The line between religious fact and myth propels humans forward as they seek to better understand Scripture and faith. Persistent fascination with the Bible, biblical figures, and the foundations of Christian belief and thought drives historical research, archaeological investigation, and popular inquiry alike. Evidence related to the crucifixion of Christ and Noah's Ark makes the intangible tangible, bringing comfort and satisfying curiosity while perpetuating the desire to know more. One of the most enduring quests among the Christian faithful involves an elusive artifact, the Holy Grail.
The Holy Grail - purported to be the cup or dish Jesus used at the Last Supper, or the cup used to collect Jesus's blood as he perished on the cross, depending on one's interpretation of legend - has been featured in literary works, movies, and television shows. The Holy Grail has taken numerous forms, only prompting further speculation as to what the Holy Grail actually is, and more importantly, where it is now.
The mystery and controversy surrounding the Holy Grail are alive and well. As Holy Grail history continues to evolve, scholars and non-scholars alike have posited as to its migration through time and space, even asserting that it's been found and can be seen today.
The Genoa Chalice Is Another Possible Contender For The Grail
Made of glass and hexagonal in shape, the Sacro Catino, also known as the Genoa Chalice, is said to have been made in Egypt. It was taken to Jerusalem by the Queen of Sheba and moved to the coastal site of Caesarea at some point before the 11th century.
In the aftermath of the First Crusade, Guglielmo Embriaco took the vessel to Genoa. William of Tyre, writing during the 12th century, described the chalice as more of, "a vase of brilliant green shaped like a bowl. The Genoese, believing that it was of emerald, took it in lieu of a large sum of money and thus acquired a splendid ornament for their church."
Tradition around the glass dish grew and, by the 13th century, it was definitively identified as one of the items used at the Last Supper. From there, it became part of the story of Jesus on the cross, with stories about Nicodemus, who helped Joseph of Arimathea bury Jesus, using it to collect Jesus's blood.
Napoleon took the relic to Paris during the early 19th century, where it was discovered that it was made of glass rather than emerald.
The Holy Grail Isn’t Mentioned By Name In The Bible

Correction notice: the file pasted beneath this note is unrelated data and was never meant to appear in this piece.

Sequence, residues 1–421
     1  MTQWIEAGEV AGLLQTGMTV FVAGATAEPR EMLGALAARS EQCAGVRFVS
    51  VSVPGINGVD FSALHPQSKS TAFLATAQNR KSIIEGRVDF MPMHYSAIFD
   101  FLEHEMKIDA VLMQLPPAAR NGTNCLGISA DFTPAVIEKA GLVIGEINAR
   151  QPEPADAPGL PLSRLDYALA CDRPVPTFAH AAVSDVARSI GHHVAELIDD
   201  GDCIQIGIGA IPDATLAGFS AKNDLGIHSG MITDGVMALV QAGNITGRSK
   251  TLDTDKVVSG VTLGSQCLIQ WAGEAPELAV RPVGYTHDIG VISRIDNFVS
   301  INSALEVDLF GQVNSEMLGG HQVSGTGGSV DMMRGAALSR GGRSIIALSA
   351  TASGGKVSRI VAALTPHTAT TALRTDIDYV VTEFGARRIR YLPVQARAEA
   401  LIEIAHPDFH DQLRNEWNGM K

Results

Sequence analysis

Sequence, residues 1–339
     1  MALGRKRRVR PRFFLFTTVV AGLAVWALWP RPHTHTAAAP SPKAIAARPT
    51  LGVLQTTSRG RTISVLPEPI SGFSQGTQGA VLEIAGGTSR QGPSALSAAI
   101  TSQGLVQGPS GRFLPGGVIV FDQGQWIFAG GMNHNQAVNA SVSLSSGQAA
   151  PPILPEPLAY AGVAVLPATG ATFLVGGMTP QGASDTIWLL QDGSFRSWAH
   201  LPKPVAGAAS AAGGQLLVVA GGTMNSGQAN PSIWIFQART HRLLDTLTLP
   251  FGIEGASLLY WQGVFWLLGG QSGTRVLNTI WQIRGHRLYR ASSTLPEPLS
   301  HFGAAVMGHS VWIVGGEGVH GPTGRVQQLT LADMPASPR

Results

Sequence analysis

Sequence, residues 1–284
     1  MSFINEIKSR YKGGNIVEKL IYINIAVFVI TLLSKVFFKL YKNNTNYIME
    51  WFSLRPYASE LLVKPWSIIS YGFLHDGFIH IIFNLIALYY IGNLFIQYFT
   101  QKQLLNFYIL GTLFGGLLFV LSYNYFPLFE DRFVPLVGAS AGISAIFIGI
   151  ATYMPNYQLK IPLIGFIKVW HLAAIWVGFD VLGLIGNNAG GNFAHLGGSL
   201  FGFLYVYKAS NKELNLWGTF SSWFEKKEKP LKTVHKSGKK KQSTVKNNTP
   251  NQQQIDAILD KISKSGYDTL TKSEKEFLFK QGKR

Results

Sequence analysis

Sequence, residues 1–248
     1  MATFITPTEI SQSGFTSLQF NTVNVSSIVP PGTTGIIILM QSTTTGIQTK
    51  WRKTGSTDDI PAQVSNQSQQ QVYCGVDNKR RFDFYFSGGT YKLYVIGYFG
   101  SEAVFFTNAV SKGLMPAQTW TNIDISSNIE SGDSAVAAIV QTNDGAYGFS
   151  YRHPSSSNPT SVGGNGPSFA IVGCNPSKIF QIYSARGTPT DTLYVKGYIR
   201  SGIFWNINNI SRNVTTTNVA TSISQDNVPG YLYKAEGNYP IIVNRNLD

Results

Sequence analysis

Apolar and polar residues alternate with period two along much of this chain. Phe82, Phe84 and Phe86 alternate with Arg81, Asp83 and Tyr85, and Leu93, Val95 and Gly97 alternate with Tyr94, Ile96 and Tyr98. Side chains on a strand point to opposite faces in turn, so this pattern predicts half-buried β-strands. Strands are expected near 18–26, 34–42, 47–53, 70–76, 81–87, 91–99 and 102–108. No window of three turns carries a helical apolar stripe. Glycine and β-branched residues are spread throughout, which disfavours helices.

While no so-called Holy Grail receives mention in the Bible, there are numerous references to cups and drinking vessels throughout the New Testament. Many of these remain at the core of arguments about the importance and sanctity of the Grail.
For example, Luke 22:20 describes Jesus drinking at the Last Supper, telling his followers, "This cup is the new covenant in my blood, which is poured out for you. Mark 15:23 recounts how, while on the Cross, spectators, "offered him wine mixed with myrrh, but he did not take it," presumably from a cup.
While biblical mention of Holy Grail-like objects can support its existence, the lack of description and specificity adds little to helping identify what a real grail would have looked like.
The Holy Grail Wasn’t Even Named Until The 12th Century
The first use of the term grail comes from 12th century French romance poet, Chrétien de Troyes. In his work, Perceval or the Story of the Grail, dating to c. 1190 CE, Chrétien de Troyes references "un graal," an object that continues to spark curiosity. Chrétien passed before he completed the work, adding to the mystery of what he meant and to what he referred.
Chrétien's grail was some sort of platter or serving dish, but the mere mention of it prompted a whole school of grail literature. Soon, the grail became the chalice used by Jesus at the Last Supper or the cup that captured Jesus's blood as he perished on the cross. Later tellings would go further, presenting the Holy Grail as a person - someone from Jesus's bloodline - or some sort of supernatural force.
Notably, Robert de Boron, writing around 1200 CE, incorporated Joseph of Arimathea into his work, linking the Holy Grail directly to the crucifixion of Jesus. Joseph, tasked with Jesus's burial, was said to have used the grail from the Last Supper to collect Jesus's blood, blending several traditions into one.
Sites In England Are Commonly Associated With The Grail Due To Its Arthurian Connections
Chrétien de Troyes (c. 1190 CE) gave the world Perceval, a knight on a quest for the grail. After Chrétien's passing, authors like Robert de Boron (c. 1200 CE) brought the grail to Britain, with the former placing it into the hands of Joseph of Arimathea. In Joseph d'Arimathie, Arimathea buries the grail in a secret location, a site that dominates the quests of King Arthur and his Knights of the Round Table.
Legendarily, Joseph of Arimathea founded Glastonbury Abbey in the south of Britain, home to the Chalice Well where the Holy Grail is supposed to have been hidden. As a result, the entire area has been associated with Arthurian lore. Avalon (King Arthur's burial site) accompanies Cadbury Castle (allegedly Camelot) as locations that have links to the Holy Grail, but so does Tintagel Castle in Cornwall, where King Arthur was said to have been conceived.
As centuries of Arthurian prose and poems developed, the Holy Grail continued to find life. Sir Thomas Malory's Morte Darthur, a 15th century work, not only synthesizes earlier Arthurian traditions, but also gives the Holy Grail a voice, one that leads Sir Lancelot to the a chamber where he:
Saw a table of silver and the Holy Vessel, covered with red samite, and many angels about it, whereof one held a candle of wax burning and the other held a cross and the ornaments of an altar.